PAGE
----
We all must help pull NZ out of the crap

July 23, 2009

Brian Fallow in the Herald is a recommended read today.

No, he’s not very cheery. But he has done a good job of putting us in the picture about “the hard word delivered to the rest of the public sector, in a pointedly public way, by Treasury secretary John Whitehead this week…”

He also reminds us we all have a part to play in pulling NZ out of the economic crap.

You only have to look at the spending track, past and forecast, in the Budget to see that some serious belt-tightening is expected.

Over the past four fiscal years annual spending grew by $17.5 billion, or about 9 per cent a year.
Over the next four years spending is forecast to grow $11 billion, less than 4 per cent a year or 1 per cent at most in real per capita terms.

But that would still, on the Treasury’s forecasts of economic growth and revenue, see a cumulative $35 billion in operating deficits, driving gross debt from 25 per cent of GDP now to 39 per cent in 2013.

Whitehead noted that the government is a large part of the non-tradeables sector, which over the past five years has grown by 15 per cent. The tradeables sector, where the country earns its living as a trading nation, contracted by 10 per cent.

“To help New Zealand compete internationally and lower costs to exporters we have to raise the quality of public spending and ensure the lion’s share of increased national resources goes not to the public but to the private sectors,” he said.

“In other words the public sector has to raise its productivity – provide more for every dollar spent – and grow more slowly than the private and export sectors, to rebalance the economy.”

This was likely to be echoed in the work of the taskforce led by Don Brash which has been asked to recommend policies to achieve the goal of closing the income gap with Australia by 2025, Fallow pointed out.

But then he noted:

* We need to be realistic about how compressible Government spending is in a democracy.

* The message about living within straitened means applies as much to the household sector as to the Government.

* And the message about raising productivity applies as much to the business sector as to the public sector.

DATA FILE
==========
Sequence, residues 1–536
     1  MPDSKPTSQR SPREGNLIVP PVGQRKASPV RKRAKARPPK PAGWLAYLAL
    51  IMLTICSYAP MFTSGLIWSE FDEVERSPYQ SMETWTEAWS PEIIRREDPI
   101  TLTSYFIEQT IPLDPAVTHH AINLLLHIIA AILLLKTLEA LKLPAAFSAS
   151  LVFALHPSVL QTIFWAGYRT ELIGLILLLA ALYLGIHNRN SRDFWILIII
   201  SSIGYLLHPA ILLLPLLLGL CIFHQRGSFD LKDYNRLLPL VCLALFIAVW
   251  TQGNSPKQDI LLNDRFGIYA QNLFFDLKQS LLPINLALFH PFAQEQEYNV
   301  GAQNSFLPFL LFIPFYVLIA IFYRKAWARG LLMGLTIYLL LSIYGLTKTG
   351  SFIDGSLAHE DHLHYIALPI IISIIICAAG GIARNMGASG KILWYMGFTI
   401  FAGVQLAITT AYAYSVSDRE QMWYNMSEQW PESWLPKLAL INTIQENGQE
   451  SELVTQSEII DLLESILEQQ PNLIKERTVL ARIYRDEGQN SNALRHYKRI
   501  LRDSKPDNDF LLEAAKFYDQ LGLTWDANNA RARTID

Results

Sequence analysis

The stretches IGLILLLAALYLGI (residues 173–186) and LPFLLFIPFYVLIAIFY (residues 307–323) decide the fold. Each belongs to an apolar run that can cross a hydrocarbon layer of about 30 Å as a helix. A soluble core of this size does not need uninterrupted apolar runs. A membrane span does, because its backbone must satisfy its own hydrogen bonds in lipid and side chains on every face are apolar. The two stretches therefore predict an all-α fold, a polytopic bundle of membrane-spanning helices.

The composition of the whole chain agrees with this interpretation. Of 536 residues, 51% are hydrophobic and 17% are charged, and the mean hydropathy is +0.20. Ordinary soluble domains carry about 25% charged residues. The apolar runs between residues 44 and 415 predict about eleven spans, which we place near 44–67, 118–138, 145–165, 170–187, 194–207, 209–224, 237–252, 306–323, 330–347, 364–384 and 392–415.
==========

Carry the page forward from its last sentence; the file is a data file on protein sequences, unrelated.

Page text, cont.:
A major rebalancing is needed – less spending and more saving by households, more investment and a stronger export focus by the business sector, and a tight rein on Government spending. But this won’t happen automatically or easily.

Couldn’t agree more.

Budget monitors are a discredited bunch

May 25, 2009

They were discredited during the sub-prime mortgage crisis in the US and the financial shenanigans that followed around the globe. But the buggers will be watching what the Government does on Budget Day, their calculators at the ready and their pencils sharpened to tick down our credit rating if they don’t like what they see.

Alf refers to the credit rating agencies that wield huge power in the domain of international finance.

The Herald tells us today:

The Government needs to get its books out of the red within five years, says one of the three men who will decide after Thursday’s Budget whether New Zealand’s international credit rating will be downgraded.

The Treasury has told Finance Minister Bill English that with no changes to spending policy, New Zealand would have recurring operating deficits of more than $10 billion a year and borrowing would be about $135 billion by 2023.

Standard & Poor’s analyst Kyran Curry said the group was looking for New Zealand to reach a stable position soon.

He is one of three S&P executives in New Zealand this week to decide whether to take the country’s AA+ rating off negative watch and back to stable or to downgrade it.

A downgrade would increase the cost of international borrowing.

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